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Latest Fertility preservation Stories

2006-02-20 10:30:00

NEW YORK -- Sperm banking is possible for most teens with cancer who must undergo fertility-impairing treatment, British researchers report. Several types of chemotherapy can damage the sperm-producing portion of the testes, while radiation of the testicular area can also lead to infertility, For this reason, infertility is very common among male survivors of childhood cancer. Freezing sperm obtained by masturbation is the most widely available method for fertility preservation, and patients...

2005-12-30 15:00:00

NEW YORK (Reuters Health) - The damage to "ovarian reserve" is quantitative rather than qualitative when ovarian cysts are excised using minimally invasive laparoscopy, Italian researchers report. Importantly, they say, this approach has a good chance of preserving a woman's fertility. An ovarian endometrioma is a cyst that is attached to the ovaries and that often contains ovarian tissue. Dr. Guido Ragni and colleagues from Universita Degli Studi di Milano studied 38 women who had previously...

2005-08-25 11:46:11

By Amy Norton NEW YORK (Reuters Health) - Sperm banking may not only preserve young cancer patients' ability to have children, but their emotional well-being as well, according to Japanese researchers. They found that among 51 young men who banked their sperm before undergoing chemotherapy, 80 percent said that the move helped them in the "emotional battle against cancer." Even those who were unsure whether they wanted to have children in the future gained some peace of mind from...

2005-08-19 15:03:02

A quarter of young breast cancer sufferers have reported no discussion of fertility issues at the time of diagnosis, despite the possibility of infertility after treatment, according to new research led by the University of New South Wales (UNSW). "Timing is everything," said Belinda Thewes, a UNSW PhD candidate in the Faculty of Medicine. "These women need more information when they are diagnosed about the effect that treatment could have on their fertility, so they can take appropriate...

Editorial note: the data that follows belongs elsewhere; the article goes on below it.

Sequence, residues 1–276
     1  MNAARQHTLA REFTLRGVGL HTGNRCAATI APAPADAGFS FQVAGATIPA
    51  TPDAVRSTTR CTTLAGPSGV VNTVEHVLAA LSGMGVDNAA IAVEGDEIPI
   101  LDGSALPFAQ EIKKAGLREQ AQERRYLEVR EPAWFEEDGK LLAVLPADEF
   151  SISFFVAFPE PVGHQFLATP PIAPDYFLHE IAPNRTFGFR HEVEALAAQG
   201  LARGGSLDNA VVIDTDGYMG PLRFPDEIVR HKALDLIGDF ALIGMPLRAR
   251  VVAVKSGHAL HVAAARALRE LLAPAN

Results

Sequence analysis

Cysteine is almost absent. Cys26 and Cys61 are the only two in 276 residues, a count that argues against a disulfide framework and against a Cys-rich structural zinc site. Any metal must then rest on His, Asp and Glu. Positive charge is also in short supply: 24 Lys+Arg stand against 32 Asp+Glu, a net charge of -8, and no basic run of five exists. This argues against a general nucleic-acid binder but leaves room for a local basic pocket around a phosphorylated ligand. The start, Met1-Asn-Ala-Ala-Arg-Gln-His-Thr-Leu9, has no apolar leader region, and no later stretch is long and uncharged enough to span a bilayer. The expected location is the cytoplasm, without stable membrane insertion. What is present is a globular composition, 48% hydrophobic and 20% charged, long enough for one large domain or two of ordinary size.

2005-07-19 13:03:41

By Patricia Reaney LONDON (Reuters) - Most testicular cancer patients who try to father children after completing their treatment succeed, scientists said Tuesday. Men who have surgery to remove the tumour have the least problems but even patients who have radiotherapy and chemotherapy are able to have children. "The vast majority of men, after testicular cancer treatment, can go on and have a family as normal," said Dr Robert Huddart of The Institute of Cancer Research in London. But he...

2005-06-30 15:05:37

NEW YORK (Reuters Health) - Women with a history of fertility problems appear to run the risk of developing certain cancers, new research indicates. In a look-back study, Dr. Louise A. Brinton, of the National Cancer Institute in Rockville, Maryland, compared the risk of cancer among 12,193 U.S. women treated for infertility between 1965 and 1988 with that of the general population. Over an average period of nearly 19 years, the infertility patients had a 23 percent higher likelihood of...

2005-06-28 11:47:01

By Megan Goldin JERUSALEM (Reuters) - An Israeli woman who became infertilefrom cancer treatment has given birth to a healthy baby girlafter an ovarian tissue transplant, the first clear example ofthe procedure's success, doctors said on Tuesday. The Israeli, who suffered from non-Hodgkins lymphoma,became completely infertile in her late 20s due to chemotherapyand a bone marrow transplant to treat her disease. She gave birth on Monday at Israel's Sheba Medical Centernear Tel Aviv. "Her...

2005-06-22 12:20:00

The largest study to date on women with borderline ovarian tumours shows that fertility can be preserved if conservative surgery is used, a scientist said at the 21st annual conference of the European Society for Human Reproduction and Embryology. Dr. Christophe Poncelet, from the UFR SMBH L©onard de Vinci, Universit© Paris XIII, Bobigny, France, said that the research mean that women could choose to preserve their fertility by having only one ovary removed. Borderline tumours make...

2005-06-16 19:51:26

While more than 70% of patients survive childhood leukemia, curative chemotherapy can often irreversibly impair the formation of spermatozoa, causing infertility in males. Currently, the only established clinical option for the preservation of fertility in leukemia patients is to bank sperm before treatment commences. However, as mature germ cells do not develop until the onset of puberty, children are unable to later benefit from such assisted reproductive techniques. Although the...

2005-05-29 23:15:00

ANN ARBOR, Mich. - A new technique might allow women diagnosed with cancer the opportunity to have children when chemotherapy and radiation treatments rob them of their fertility, researchers at the University of Michigan Comprehensive Cancer Center have found. By having her eggs frozen before she begins cancer treatments, a woman can preserve the hope of one day having a baby. Freezing eggs is one thing; thawing them safely so they can lead to pregnancy is the challenge. In the past,...


Word of the Day
holluschickie
  • A 'bachelor seal'; a young male seal which is prevented from mating by its herd's older males (mated bulls defending their territory).
This comes from the Russian word for 'bachelors.'
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